Harvard
In-text citation: (Schofield, 2021)
Reference: Schofield, A. (2021). What’s the Use?  On the Uses of Use. Feminist Encounters: A Journal of Critical Studies in Culture and Politics, 5(1), 17. https://doi.org/10.20897/femenc/9754
MLA
In-text citation: (Schofield, 2021)
Reference: Schofield, Ann "What’s the Use?  On the Uses of Use". Feminist Encounters: A Journal of Critical Studies in Culture and Politics, vol. 5, no. 1, 2021, 17. https://doi.org/10.20897/femenc/9754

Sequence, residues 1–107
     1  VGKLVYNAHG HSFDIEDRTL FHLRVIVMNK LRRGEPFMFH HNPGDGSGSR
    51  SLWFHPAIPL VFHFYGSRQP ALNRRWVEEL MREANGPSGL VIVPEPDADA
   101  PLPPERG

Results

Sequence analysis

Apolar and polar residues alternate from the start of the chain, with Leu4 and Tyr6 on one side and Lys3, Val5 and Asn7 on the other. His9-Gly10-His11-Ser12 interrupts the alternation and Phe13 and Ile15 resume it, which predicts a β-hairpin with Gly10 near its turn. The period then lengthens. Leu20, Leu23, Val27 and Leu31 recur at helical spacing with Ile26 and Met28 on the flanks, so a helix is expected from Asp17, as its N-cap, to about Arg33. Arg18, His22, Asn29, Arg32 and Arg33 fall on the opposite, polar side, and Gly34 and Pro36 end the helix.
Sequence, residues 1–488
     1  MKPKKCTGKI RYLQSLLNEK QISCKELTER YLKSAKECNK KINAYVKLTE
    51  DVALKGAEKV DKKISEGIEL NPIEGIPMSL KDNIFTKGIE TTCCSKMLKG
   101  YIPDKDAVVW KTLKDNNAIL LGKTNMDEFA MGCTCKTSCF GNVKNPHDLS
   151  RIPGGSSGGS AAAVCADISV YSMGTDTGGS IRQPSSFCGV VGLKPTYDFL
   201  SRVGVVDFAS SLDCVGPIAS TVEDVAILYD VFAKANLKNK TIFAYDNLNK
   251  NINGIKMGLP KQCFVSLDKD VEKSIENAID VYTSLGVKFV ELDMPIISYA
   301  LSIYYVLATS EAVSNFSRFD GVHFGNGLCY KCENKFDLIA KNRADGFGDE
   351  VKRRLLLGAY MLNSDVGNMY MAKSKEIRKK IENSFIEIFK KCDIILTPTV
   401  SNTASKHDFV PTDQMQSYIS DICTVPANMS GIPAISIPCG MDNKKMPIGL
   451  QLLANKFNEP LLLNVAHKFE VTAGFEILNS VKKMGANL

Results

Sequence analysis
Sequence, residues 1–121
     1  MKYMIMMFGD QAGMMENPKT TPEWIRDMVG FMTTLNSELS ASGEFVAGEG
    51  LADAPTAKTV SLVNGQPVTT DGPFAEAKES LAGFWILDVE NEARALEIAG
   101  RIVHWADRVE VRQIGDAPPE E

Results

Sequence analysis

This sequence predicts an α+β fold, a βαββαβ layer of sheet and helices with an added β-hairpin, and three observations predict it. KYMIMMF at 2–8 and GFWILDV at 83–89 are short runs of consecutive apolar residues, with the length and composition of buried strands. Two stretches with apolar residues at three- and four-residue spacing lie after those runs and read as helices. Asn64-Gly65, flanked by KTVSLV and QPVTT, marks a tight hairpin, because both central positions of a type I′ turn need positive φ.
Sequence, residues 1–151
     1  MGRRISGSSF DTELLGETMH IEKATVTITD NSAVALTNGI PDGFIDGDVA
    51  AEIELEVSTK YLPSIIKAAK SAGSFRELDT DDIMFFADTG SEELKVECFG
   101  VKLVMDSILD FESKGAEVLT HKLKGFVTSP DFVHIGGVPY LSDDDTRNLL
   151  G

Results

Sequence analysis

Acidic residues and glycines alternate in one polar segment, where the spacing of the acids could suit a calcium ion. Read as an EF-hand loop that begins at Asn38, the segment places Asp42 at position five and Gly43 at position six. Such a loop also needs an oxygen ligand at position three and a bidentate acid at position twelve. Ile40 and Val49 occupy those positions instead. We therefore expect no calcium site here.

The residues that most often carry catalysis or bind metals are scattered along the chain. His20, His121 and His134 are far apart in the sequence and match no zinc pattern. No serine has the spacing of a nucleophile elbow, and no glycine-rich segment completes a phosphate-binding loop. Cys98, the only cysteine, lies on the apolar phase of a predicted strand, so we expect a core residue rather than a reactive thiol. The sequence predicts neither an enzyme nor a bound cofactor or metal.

Vancouver
In-text citation: (1), (2), (3), etc.
Reference: Schofield A. What’s the Use?  On the Uses of Use. Feminist Encounters: A Journal of Critical Studies in Culture and Politics. 2021;5(1):17. https://doi.org/10.20897/femenc/9754
Related Subjects
Gender Studies, Social Sciences